Kei became a longtime activist with and proponent of the Los Angeles Community Action Network (LACAN), in Skid Row, whose advocacy he described in the July-Aug. 2019 issue of N&L: “[They have] been resisting the LAPD’s sweeps, harassment, criminalization, and murder of the homeless population with street protests, lawsuits, and a know-your-rights campaign. They also inform low-rent tenants of their rights against unlawful evictions, and fight for restrooms, water fountains, showers, laundry facilities, and trash cans in the neighborhood. Landlords and the media often blame the homeless for unsanitary conditions created by city negligence.”


Kei participated in campaigns to house homeless residents in vacant hotels, to fight redlining in Chinatown and gentrification in Boyle Heights, and to establish a Skid Row Neighborhood Council independent of the developer-laden Downtown Council. Anyone who visited Kei at his apartment and took a walk with him outside could see that he always had a little bit to share with people living on the street who knew him by name.

In activist circles, Kei would sometimes be identified as a formerly interned person. Uncomfortable with the admiration or awe surrounding this issue, he tended to be most interested in putting the spotlight on contemporary parallels to the internment of Japanese Americans, such as immigration bans and family separations.

He would draw historical comparisons. Making notes in his copy of Dunayevskaya’s book, Marxism and Freedom, in sections describing Stalin’s agrogorods and Mao’s communes, Kei inscribed: “Compare to J.A. Relocation… Commonality of state and private capitalism and their imperial goal… Mao’s desire for world power, as Russia’s and the U.S., is a fundamental flaw and is not Marxism.”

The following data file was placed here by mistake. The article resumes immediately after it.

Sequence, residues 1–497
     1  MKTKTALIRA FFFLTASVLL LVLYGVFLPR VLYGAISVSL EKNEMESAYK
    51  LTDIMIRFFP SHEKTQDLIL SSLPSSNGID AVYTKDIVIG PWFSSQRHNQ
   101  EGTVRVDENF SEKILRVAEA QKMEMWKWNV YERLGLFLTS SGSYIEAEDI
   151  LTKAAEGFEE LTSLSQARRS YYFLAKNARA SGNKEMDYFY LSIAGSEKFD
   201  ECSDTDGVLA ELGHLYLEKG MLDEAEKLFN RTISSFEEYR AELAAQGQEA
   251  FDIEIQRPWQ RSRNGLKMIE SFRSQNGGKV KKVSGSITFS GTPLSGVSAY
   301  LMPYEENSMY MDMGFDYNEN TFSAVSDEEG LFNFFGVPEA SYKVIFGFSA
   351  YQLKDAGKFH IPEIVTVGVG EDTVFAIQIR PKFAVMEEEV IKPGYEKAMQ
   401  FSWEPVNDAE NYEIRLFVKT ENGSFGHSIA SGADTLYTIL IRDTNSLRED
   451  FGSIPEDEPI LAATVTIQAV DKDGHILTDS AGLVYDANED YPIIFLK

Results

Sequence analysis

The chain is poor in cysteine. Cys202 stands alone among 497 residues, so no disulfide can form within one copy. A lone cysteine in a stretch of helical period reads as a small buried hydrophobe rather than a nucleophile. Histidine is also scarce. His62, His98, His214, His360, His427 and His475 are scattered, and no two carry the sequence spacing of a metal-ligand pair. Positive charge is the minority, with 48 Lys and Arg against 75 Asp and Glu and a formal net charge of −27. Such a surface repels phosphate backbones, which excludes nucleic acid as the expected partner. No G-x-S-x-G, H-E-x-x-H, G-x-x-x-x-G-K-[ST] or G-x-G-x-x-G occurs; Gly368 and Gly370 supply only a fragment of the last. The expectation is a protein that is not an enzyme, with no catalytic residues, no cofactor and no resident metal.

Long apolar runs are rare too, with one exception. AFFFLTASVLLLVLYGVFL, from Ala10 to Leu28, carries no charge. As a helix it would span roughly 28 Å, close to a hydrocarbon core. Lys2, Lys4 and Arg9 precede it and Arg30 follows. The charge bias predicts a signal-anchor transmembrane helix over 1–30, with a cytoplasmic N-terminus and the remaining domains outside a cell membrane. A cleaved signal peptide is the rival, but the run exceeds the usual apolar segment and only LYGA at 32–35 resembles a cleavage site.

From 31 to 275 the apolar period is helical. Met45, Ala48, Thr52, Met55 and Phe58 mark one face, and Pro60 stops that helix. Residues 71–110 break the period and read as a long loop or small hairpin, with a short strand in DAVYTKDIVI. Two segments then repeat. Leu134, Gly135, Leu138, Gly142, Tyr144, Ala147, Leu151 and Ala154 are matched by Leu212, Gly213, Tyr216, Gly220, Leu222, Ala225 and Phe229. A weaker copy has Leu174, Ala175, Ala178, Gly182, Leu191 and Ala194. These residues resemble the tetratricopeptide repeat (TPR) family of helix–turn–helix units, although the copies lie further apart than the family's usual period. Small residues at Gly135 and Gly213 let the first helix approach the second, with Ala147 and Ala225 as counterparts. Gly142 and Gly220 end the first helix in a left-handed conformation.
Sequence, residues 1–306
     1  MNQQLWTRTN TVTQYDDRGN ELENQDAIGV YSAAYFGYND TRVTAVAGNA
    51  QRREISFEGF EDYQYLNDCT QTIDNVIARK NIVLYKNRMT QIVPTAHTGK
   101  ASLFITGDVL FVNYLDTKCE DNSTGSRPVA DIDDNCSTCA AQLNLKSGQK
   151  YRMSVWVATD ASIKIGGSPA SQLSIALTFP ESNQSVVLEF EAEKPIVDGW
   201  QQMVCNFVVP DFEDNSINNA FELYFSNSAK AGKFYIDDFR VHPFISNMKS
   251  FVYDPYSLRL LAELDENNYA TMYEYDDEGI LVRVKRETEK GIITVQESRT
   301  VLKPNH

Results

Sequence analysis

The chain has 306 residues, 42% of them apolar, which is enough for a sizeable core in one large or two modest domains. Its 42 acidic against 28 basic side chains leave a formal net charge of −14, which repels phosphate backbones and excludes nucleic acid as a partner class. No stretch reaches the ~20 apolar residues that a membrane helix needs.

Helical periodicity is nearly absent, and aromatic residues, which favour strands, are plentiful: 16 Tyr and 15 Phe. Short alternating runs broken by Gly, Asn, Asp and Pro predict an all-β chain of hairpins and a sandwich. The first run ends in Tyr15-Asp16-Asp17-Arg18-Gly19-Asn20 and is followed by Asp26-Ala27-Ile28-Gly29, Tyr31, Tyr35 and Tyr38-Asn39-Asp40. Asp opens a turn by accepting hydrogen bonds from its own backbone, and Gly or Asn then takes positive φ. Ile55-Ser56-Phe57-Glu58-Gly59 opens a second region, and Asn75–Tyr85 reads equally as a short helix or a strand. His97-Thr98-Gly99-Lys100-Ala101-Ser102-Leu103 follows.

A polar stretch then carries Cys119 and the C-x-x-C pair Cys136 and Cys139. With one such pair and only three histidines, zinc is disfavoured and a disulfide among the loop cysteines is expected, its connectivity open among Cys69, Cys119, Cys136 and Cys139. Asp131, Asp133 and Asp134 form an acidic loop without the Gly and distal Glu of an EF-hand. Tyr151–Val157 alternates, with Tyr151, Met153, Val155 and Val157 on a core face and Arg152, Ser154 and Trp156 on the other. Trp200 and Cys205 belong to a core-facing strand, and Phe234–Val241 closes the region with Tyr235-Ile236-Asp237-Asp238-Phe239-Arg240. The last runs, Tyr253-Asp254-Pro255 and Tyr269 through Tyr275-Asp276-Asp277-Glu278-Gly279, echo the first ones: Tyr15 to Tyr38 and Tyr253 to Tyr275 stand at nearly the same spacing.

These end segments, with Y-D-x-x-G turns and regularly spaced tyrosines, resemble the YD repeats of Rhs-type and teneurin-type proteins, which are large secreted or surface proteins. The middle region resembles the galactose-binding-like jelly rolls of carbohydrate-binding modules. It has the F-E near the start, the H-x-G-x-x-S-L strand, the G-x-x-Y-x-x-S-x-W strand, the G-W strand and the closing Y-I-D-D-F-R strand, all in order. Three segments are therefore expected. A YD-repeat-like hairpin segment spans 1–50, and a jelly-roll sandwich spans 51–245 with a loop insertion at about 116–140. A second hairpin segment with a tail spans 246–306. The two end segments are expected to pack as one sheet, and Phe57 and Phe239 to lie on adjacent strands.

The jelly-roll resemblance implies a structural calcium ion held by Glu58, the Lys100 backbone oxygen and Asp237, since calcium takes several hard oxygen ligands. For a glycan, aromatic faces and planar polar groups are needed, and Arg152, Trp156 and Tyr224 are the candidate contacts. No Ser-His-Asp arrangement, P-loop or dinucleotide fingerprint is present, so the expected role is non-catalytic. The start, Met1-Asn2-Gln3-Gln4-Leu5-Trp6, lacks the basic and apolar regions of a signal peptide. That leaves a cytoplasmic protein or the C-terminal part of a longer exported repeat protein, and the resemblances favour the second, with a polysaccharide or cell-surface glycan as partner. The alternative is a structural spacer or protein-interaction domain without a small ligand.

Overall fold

In the last years of his life, Kei was moved by the outpouring of support for justice in policing that followed the murder of George Floyd. In a July 2020 Zoom meeting he told friends in part:

“I’d been going to BLM protests once a week at the Hall of Justice where DA Jackie Lacey has not prosecuted even one of over 500 officers who killed, in the majority, Black and Brown youth, but even white youth too. There used to be 40-50 people on a really good day. There are thousands of people there now.

“I’m gonna just say the police murder of Floyd on May 26 in Minneapolis sparked a worldwide protest still ongoing seven weeks later. I was not in the LA protests because of my energy, but I heard chants from my window as crowds marched on Spring St. I attended the June 10 protest. Thousands of new younger white people, but also all races. LAPD has over 50% of the city budget. $6 billion in New York City. A new society will need to have no police department as we know it. It has to be controlled by the working-class community.

“Marx said that the freedom of the individual is the basis for the freedom of all. You can’t have a free society unless all individuals are free. Development of human power means using that power not as a basis of profit. Marx insisted abolition of private property is only the first transcendence. Not until you transcend that does there arise positive humanism beginning from itself. This is when mental and manual labor is reunited in the all-rounded individual. BLM is about the whole human Black lives that never mattered in U.S. society.”

—Buddy Bell